The Future of Tennis with Anita Comella

 

Editor’s Note: As Senior Director of Facilities Development at Tennis Canada, she occupies a position which could determine the future of tennis in our country. Anita leads facility development projects at both the grassroots and high-performance levels across the country. 

Prior to joining Tennis Canada, Anita was the Assistant Dean of Co-Curricular Physical Activity and Sport at the University of Toronto’s Faculty of Kinesiology and Physical Education. She was instrumental in building key sport infrastructure at U of T in preparation to host the 2015 Pan & Parapan America Games. She has also sat on numerous federal/provincial sport committees and has held multiple sport development positions within the Government of Ontario including the Director of Sport and Recreation in the former Ontario Ministry of Health Promotion and Sport. With over two decades of sport and recreation experience, Anita has been on the leadership team for multiple Canada Games Mission Teams, as well as Team Canada Mission Teams for Commonwealth and Paralympic Games.   She currently sits on the Board of Directors for the Canadian Sport Institute – Ontario and the Ontario Sport Network.

 

OC: Anita, can you give our readers an understanding of the number of tennis courts in Canada, how many offer year-round play, and how it compares to other countries?

  • We could put a link to specific documents that relate to the numbers, would be of interest to general public
  • Our research indicates there are approximately 7500 publicly accessible tennis courts in Canada and only 750 of those courts (or 10%) are covered for year-round play. 
  • This amounts to approximately one indoor court for every 50,000 Canadians. When compared with other countries, our ratio is abysmal.      The US, France, Sweden, and Germany all have a much smaller ratio of indoor courts per person (US- 1:29,000 / FRA – 1:7,000 / SWE-1:12,000 / GER-1:16,000).
  • In Canada, 60% of indoor courts are located in the Greater Toronto, Montreal & Vancouver areas – despite these areas making up only 35% of Canada’s population.
  • In Canada, due to our harsh winters and/or rain or other inclement weather, 90% of our courts are outdoor courts and they are not playable 50-75% of the year.

 

OC: Tennis Canada created the great initiative of providing seed money through Rogers Communications. Has this announcement created major interest?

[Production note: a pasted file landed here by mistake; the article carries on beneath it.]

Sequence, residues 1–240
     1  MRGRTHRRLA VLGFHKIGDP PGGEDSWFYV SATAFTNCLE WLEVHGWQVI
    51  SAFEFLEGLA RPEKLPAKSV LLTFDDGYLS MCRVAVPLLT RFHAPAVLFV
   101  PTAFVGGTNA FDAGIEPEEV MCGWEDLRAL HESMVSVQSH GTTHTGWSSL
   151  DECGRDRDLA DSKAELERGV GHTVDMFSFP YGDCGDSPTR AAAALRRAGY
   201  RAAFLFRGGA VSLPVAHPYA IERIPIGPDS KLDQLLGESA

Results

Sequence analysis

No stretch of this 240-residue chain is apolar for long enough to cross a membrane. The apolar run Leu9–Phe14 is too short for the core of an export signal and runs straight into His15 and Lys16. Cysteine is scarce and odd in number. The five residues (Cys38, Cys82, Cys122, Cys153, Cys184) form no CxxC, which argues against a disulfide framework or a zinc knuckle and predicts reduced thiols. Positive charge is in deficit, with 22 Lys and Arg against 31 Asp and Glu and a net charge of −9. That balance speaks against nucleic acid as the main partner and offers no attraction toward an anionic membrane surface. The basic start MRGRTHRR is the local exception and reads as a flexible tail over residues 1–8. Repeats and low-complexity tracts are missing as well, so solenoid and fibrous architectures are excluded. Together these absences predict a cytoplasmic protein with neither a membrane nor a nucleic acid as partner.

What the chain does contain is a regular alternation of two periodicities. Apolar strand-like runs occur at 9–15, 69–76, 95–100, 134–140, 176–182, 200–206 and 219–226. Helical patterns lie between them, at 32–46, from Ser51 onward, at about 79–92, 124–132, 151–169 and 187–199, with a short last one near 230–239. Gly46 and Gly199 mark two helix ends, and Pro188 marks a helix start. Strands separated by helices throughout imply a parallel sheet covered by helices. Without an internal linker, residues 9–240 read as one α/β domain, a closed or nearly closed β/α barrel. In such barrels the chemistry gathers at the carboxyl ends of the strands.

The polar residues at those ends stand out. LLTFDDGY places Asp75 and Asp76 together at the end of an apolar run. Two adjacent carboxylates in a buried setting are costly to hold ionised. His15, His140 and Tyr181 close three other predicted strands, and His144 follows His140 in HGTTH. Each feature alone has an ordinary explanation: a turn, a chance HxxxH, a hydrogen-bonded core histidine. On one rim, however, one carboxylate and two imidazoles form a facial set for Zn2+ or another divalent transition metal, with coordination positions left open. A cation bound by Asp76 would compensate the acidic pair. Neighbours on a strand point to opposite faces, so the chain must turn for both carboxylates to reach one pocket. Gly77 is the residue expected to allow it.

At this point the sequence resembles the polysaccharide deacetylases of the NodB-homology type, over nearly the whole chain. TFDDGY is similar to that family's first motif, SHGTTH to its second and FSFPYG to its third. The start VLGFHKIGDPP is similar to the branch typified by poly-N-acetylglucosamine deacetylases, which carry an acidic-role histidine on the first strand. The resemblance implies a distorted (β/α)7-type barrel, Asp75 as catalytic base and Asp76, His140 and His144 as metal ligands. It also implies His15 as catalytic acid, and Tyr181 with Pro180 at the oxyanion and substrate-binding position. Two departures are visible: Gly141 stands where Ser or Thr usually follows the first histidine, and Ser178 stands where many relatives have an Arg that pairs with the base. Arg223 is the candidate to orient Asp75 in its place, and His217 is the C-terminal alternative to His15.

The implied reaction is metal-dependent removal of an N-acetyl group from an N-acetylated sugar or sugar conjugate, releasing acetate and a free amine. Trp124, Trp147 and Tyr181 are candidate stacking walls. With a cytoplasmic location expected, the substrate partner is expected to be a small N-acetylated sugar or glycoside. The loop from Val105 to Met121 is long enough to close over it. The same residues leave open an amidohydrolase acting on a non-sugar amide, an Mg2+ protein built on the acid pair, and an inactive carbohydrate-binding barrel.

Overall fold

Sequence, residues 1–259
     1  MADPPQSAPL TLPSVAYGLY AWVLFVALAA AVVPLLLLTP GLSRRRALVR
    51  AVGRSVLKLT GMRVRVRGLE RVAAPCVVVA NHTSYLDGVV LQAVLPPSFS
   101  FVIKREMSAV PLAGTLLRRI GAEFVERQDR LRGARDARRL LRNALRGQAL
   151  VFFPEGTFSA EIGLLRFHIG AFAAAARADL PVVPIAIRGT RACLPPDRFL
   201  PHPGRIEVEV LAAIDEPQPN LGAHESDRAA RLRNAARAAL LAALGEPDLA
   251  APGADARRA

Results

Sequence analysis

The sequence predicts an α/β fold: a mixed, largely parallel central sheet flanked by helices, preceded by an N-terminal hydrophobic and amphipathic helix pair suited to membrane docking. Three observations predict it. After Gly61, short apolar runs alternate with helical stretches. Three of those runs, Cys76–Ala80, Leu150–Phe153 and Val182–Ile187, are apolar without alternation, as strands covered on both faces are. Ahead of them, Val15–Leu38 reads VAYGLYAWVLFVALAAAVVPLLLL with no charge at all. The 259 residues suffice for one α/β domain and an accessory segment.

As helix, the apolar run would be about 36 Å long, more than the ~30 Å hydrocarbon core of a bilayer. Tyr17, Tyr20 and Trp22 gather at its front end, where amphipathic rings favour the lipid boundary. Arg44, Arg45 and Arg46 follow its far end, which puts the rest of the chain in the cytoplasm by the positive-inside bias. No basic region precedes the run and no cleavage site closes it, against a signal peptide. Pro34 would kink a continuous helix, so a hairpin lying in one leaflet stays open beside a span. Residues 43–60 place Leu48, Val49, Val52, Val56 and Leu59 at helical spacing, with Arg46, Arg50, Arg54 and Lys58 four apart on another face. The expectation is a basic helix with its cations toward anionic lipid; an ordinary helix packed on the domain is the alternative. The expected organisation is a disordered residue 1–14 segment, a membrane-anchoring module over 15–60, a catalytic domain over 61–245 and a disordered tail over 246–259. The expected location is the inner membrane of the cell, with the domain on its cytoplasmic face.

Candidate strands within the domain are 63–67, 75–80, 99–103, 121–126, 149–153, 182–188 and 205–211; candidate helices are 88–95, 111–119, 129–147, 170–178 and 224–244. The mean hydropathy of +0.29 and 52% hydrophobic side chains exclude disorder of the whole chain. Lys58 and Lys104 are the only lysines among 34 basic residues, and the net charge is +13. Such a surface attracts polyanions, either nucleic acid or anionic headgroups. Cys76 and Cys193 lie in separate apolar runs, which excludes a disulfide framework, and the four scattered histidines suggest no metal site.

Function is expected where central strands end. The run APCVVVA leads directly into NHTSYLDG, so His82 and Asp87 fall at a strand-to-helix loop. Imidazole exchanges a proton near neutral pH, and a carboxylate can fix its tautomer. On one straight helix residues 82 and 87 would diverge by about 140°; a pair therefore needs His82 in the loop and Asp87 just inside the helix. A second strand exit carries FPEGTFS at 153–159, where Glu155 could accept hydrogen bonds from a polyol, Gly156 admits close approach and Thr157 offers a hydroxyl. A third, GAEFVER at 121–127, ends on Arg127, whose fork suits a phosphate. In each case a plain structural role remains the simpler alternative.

• Since launching this program in 2021, the interest in this program has been outstanding. We have had contact from municipalities in every province and two territories to learn more about the program and to engage us to help them plan for creating a year-round project. The first week we announced the program we heard from 34 municipalities.  
  • Tennis Canada is fortunate to have a partner like Rogers to help with this program. We were able to secure $5.6 million in funding to create the Year-Round Community Tennis Courts Program presented by Rogers. Municipalities and community partners can apply for up to $200,000 in seed money to kick start their year-round tennis project. 
  • In 2021, we announced the first four projects that received $200k in capital funding from the program.  Over the next seven years, we are determined to install at least 160 new year-round courts across the country – finally driving supply to catch up to demand, even if only partially.   For anyone who would like to see year-round tennis in their community, we have developed a resource to guide you or your municipality through the process, it can be found at tenniscanada.com/facilities.

 

OC: Once there is interest, what do you feel is necessary to translate this into an actual project?

  • The projects that have had success have engaged community volunteers; city councillors; municipal staff and community corporate partners to realize success. 
  • Each project is unique, but the common ingredients for success include strong municipal support and/or funding; strong project leadership; community engagement; and successful fundraising.